I cried when I reached this part of the article:

Quote:
One year later, the Seattle area has the lowest death rate of the 20 largest metropolitan regions in the country. If the rest of the United States had kept pace with Seattle, the nation could have avoided more than 300,000 coronavirus deaths.


Ex-Ref



Joined: 04 Oct 2009
Posts: 6506



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PostPosted: 03/11/21 10:50 pm    ::: Reply Reply with quote

bcdawg04 wrote:
jammerbirdi wrote:
Today is the one year anniversary of the WHO declaring the novel coronavirus a pandemic. Crying or Very sad


Also one year ago today, the Archdiocese of Seattle (the entirety of western Washington) temporarily suspended public masses due to the pandemic, the first Archdiocese in the country to do so. Our archbishop cited "the best science out there" that showed that gatherings should be suspended to try to limit the spread of the coronavirus.

From the NY Times today 3/11/2021: Seattle’s Virus Success Shows What Could Have Been

I'm grateful for the University of Washington Medical Center which partners with the Seattle-King County Public Health and that our local political leaders have listened to those scientists, but I don't think we deserve a pat on the back or anything like that. This is still devastating.

I cried when I reached this part of the article:

Quote:
One year later, the Seattle area has the lowest death rate of the 20 largest metropolitan regions in the country. If the rest of the United States had kept pace with Seattle, the nation could have avoided more than 300,000 coronavirus deaths.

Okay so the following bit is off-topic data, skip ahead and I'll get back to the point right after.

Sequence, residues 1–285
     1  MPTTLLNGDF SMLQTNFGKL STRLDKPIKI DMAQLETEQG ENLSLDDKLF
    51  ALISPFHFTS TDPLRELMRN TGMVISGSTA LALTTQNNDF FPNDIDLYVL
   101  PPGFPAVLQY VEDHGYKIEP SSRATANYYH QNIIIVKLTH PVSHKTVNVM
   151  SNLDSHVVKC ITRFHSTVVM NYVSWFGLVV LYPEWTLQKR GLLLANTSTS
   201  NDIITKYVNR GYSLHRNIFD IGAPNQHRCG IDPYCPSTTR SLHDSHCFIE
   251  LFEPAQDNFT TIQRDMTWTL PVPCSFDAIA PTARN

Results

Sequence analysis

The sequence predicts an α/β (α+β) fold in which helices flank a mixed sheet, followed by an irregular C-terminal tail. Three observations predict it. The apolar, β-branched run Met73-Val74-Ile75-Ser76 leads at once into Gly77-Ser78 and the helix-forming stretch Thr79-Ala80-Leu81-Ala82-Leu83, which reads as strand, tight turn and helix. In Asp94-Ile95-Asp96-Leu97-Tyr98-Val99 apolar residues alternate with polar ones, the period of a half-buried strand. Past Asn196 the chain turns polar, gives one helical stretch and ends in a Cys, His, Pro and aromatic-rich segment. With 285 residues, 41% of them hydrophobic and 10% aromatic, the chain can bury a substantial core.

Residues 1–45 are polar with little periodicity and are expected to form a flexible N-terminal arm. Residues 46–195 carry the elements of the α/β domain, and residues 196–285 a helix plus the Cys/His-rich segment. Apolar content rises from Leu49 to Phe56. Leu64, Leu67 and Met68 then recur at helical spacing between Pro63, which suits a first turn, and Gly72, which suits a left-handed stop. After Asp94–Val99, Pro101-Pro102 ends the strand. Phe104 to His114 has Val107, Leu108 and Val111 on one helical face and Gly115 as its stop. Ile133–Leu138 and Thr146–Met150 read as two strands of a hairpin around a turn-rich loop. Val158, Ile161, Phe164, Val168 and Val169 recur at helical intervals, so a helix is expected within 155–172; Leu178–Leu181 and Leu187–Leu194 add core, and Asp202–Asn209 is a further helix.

When I think back to seeing the numbers that were coming out of Italy - 600, 700, 900 dead - and thinking "How can that be? Those numbers have to be wrong. How can there be so many people dying?" Thinking that it would just devastate a region to have to deal with that much death. Thinking, where do you bury that many bodies, day after day?

And then I think of what happened in NYC. Shocked Fucking mind blowing.

I don't know if any of you watch the show on NBC "New Amsterdam." It's set in a NYC hospital. They just began season 3 last week. The opening was various scenes of what it was like during the worst of the pandemic there. Then they showed a shot of a fork lift truck loading a body into a semi-trailer. That reminder...heartbreaking.



_________________
"The biggest antidote to his poison is the vote.” — Nancy Pelosi

"Our democracy is designed to speak truth to power." — Alexandria Ocasio-Cortez

"If this guy can be Senator, you can do anything." — Alexandria Ocasio-Cortez
tfan



Joined: 31 May 2010
Posts: 8431



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PostPosted: 03/12/21 8:42 pm    ::: Reply Reply with quote

Quote:
Stanford doctor:


I am in the same county as the Stanford doctor. The county health department called a press conference on 1/31/2021 to announce their first case. They said they had been following what was happening in China closely (where two temporary hospitals were being built in two weeks to handle the massive amount of cases in the outbreak city that had overwhelmed the existing hospitals and people were being locked in their apartment buildings) and holding daily meetings about it. But they didn't follow any "science" to stop it from spreading, unless having meetings was the science. Not only was anyone allowed into or out of the county and everyone could do anything with no restrictions for over a month and a half after China locked down, no one was met at the airport when returning from China and forced into mandatory quarantine. They found out about the first case when the person got tested in their second visit to the doctor and only because they had been to Wuhan that month (that was the testing criteria at that point do to a huge shortage).

The doctor should have said "we in the medical profession need to take pandemics seriously and try and be prepared to call for action immediately when the next one hits".